In a meeting with Chinese Ambassador Zhou Pingjian in his office in Abuja on Tuesday, Nigeria’s Foreign Minister Geoffrey Onyeama said: “There were videos circulating on social media of very disturbing scenes and incidents involving Nigerians in the city of Guangzhou.”
Onyeama said it appeared that Nigerians were being discriminated against at hotels and restaurants and being stigmatised as supposed carriers of COVID-19, the disease caused by the new coronavirus.
“We saw images of Nigerians in the streets with their possessions and this was, of course, extremely distressing for us at home,” he said.
He said the situation was “unacceptable” to the Nigerian government and its people, and needed “immediate action” from the Chinese authorities.
The Chinese ambassador said Beijing was taking the issues the minister raised “very seriously” and said China would continue to foster cordial ties with Nigeria.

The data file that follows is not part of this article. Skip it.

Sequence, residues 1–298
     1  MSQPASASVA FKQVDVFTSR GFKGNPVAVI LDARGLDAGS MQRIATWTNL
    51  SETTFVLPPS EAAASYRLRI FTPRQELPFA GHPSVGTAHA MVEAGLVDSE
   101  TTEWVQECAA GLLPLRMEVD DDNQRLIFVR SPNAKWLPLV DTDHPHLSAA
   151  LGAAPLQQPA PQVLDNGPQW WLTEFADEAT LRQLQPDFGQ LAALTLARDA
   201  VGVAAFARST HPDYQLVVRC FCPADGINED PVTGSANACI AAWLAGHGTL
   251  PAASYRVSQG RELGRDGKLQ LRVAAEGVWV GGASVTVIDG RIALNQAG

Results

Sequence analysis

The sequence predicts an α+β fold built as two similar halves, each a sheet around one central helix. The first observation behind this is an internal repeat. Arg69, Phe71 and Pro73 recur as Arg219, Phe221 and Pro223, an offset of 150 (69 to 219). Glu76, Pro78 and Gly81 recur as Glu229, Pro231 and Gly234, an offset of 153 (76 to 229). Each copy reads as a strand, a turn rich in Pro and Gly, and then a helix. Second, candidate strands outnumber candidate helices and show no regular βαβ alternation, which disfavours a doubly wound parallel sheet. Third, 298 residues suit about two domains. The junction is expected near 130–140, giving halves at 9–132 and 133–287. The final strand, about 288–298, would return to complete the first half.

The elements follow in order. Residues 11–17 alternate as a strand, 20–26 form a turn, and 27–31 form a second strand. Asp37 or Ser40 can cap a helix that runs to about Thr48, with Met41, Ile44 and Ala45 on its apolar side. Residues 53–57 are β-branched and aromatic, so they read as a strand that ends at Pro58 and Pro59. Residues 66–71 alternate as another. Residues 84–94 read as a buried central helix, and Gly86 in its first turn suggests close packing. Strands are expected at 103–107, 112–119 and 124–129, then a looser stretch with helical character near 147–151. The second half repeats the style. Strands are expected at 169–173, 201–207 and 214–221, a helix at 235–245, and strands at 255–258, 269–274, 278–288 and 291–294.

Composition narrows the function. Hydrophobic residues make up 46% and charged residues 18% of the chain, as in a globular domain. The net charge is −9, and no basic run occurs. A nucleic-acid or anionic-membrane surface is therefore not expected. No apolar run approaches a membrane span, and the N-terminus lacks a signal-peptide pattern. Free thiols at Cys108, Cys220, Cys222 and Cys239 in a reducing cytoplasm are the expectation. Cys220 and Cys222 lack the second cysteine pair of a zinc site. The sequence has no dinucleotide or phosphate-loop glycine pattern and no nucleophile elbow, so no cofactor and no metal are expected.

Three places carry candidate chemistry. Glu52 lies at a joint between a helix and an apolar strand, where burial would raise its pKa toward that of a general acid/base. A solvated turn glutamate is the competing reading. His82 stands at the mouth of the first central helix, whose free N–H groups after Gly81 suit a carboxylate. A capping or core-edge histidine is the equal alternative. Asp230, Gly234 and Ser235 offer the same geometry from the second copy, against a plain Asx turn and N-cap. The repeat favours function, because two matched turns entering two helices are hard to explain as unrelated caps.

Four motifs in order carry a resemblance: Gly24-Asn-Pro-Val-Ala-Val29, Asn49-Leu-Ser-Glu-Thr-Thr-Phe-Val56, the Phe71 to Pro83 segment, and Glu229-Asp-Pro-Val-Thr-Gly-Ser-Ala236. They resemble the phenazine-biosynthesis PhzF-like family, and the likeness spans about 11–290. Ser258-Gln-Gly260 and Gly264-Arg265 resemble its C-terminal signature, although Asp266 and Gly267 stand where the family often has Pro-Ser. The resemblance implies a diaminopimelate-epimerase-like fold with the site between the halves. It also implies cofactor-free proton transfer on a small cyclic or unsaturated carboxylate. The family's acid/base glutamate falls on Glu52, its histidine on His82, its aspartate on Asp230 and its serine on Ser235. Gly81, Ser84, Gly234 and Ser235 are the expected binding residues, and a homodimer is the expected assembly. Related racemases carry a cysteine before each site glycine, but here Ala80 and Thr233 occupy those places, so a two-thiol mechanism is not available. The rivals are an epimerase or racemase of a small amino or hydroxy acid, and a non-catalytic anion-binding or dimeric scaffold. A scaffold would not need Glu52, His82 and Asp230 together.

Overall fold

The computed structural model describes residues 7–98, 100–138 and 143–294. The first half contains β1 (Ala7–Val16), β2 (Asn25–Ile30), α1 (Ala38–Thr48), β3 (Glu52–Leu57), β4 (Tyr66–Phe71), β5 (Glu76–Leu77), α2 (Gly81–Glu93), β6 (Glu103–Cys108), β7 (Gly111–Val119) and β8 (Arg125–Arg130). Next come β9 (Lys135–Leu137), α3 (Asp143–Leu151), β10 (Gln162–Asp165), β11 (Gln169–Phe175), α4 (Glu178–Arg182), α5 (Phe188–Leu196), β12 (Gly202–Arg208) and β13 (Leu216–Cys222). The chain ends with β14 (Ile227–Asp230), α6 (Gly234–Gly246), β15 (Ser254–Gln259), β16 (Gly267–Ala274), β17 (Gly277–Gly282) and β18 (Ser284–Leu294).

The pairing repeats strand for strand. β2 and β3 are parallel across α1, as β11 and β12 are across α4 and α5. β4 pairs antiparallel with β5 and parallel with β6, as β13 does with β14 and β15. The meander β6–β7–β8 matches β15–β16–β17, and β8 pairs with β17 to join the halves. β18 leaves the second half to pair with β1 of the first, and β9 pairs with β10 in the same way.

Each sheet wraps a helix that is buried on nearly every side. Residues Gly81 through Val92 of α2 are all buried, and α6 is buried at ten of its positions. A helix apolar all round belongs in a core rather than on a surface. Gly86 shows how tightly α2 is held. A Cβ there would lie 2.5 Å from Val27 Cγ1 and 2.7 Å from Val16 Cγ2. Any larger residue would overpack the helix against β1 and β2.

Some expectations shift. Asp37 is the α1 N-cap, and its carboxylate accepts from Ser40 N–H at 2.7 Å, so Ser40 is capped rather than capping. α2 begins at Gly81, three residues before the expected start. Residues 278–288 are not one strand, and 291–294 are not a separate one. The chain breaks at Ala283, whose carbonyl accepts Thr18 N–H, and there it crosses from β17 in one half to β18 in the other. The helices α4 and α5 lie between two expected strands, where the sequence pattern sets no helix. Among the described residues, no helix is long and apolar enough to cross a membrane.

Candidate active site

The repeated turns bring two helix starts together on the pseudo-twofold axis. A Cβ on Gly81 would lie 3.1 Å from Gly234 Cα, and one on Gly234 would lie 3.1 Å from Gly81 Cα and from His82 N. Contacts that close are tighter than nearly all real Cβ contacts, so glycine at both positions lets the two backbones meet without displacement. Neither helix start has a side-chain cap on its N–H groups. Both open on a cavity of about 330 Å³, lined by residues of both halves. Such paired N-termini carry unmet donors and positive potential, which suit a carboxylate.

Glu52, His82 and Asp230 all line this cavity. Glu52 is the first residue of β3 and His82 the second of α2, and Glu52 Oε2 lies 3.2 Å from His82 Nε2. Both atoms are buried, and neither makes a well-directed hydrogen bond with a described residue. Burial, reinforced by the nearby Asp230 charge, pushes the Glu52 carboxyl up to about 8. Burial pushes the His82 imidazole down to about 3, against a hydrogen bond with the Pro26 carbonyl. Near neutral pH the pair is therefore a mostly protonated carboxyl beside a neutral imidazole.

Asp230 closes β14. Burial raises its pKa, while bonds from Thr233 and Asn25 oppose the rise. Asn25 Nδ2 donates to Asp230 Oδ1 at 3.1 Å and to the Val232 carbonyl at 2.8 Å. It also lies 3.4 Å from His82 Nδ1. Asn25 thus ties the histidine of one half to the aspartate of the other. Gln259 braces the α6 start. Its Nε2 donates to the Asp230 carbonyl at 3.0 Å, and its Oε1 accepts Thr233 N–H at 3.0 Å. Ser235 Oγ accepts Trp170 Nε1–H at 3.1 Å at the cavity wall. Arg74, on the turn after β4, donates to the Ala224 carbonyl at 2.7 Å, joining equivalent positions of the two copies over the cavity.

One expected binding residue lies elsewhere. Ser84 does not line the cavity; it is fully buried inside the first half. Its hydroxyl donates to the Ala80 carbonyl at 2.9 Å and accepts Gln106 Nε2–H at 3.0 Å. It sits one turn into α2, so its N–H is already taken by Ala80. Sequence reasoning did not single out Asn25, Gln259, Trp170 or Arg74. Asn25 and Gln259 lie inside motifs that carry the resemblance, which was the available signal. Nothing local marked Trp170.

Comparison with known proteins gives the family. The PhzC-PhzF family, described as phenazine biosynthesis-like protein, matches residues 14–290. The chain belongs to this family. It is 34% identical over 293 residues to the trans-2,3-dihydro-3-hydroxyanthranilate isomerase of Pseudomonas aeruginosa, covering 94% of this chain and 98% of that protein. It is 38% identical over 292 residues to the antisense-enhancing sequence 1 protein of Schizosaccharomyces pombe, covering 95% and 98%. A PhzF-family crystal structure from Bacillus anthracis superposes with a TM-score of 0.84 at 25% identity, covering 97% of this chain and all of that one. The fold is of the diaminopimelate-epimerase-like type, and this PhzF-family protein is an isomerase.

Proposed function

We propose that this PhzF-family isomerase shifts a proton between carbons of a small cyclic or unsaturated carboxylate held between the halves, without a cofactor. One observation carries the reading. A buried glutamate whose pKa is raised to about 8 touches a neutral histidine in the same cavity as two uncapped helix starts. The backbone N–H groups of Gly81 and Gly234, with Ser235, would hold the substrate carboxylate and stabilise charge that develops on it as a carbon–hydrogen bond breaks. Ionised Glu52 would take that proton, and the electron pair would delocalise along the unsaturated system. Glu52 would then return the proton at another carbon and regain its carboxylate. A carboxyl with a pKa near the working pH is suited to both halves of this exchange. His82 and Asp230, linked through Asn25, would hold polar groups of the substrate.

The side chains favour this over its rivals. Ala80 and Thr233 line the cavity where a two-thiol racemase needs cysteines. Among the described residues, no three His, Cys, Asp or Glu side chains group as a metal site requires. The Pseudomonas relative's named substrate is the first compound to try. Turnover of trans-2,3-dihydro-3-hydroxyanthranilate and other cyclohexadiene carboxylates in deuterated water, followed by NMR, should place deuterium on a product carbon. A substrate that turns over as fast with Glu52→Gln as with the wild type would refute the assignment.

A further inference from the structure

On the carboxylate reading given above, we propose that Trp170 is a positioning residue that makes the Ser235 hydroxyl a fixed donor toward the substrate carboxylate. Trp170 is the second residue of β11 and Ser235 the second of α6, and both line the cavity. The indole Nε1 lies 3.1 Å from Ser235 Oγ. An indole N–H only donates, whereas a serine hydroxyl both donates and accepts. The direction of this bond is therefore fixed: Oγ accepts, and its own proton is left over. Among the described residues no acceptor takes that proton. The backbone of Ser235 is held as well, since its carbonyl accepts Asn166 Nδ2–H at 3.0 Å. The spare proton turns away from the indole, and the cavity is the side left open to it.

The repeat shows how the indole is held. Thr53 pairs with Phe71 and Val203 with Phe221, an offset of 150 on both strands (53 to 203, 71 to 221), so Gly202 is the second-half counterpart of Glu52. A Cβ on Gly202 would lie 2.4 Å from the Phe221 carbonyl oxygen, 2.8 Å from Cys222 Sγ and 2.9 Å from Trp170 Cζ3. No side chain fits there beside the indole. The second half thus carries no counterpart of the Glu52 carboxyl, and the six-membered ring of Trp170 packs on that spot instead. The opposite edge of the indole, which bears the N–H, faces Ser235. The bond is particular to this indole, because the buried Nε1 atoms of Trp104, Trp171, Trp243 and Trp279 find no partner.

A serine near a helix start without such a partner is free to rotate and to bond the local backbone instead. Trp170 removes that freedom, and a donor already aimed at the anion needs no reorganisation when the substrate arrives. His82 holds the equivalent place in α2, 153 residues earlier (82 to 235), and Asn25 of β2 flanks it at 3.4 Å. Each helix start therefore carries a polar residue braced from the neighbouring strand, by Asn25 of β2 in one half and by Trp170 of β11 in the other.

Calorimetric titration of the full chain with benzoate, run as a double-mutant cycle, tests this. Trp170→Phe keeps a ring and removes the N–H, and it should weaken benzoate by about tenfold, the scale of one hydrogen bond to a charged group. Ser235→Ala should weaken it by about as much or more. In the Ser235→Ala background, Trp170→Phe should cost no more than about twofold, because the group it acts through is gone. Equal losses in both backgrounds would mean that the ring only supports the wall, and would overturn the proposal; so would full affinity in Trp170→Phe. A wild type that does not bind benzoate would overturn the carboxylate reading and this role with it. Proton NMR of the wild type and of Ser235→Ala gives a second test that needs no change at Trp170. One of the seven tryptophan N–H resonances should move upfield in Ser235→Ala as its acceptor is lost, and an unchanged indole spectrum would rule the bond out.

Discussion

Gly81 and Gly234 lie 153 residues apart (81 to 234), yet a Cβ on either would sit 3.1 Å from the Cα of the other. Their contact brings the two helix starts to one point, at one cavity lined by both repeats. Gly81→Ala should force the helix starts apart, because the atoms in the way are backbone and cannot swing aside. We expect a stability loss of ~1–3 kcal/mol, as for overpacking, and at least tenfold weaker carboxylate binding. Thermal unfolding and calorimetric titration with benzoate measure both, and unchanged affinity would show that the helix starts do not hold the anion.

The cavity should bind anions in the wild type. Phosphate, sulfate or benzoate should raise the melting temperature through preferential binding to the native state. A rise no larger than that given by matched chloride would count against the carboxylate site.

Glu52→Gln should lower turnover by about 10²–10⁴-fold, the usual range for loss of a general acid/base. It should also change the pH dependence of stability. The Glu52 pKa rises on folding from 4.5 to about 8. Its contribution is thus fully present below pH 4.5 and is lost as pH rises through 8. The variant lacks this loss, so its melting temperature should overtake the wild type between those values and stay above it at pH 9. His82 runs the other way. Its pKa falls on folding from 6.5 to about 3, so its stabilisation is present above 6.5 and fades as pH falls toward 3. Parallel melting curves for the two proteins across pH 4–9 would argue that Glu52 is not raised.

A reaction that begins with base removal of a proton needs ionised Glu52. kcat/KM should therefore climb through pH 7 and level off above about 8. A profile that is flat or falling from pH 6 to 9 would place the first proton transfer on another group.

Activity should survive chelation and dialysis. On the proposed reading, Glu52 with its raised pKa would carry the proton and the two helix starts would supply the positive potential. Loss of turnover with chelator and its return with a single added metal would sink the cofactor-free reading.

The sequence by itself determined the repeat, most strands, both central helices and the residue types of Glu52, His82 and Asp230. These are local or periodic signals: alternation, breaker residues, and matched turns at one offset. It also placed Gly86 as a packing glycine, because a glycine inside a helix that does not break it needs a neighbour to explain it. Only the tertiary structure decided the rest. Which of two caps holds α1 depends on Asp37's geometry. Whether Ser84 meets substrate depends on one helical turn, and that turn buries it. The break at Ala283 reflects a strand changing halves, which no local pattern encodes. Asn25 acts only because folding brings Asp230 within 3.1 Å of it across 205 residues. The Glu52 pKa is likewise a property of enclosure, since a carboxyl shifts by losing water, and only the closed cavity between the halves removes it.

The conversation followed accusations of discrimination in the southern city of Guangzhou linked to the coronavirus pandemic.
Having brought under control the original outbreak centred on the city of Wuhan, Beijing is now concerned about imported cases and is stepping up scrutiny of foreigners coming into the country and tightening border controls.
And while Beijing has denied discrimination, Africans in China say they have become targets of suspicion and subjected to forced evictions, arbitrary quarantines and mass coronavirus testing.
Earlier on Tuesday, US fast-food chain McDonald’s apologised for a sign in one of its restaurants in Guangzhou telling black people they were banned from entering.
On Saturday, the African Union expressed “extreme concern” about the situation in Guangzhou and called on the Chinese government to take immediate corrective measures.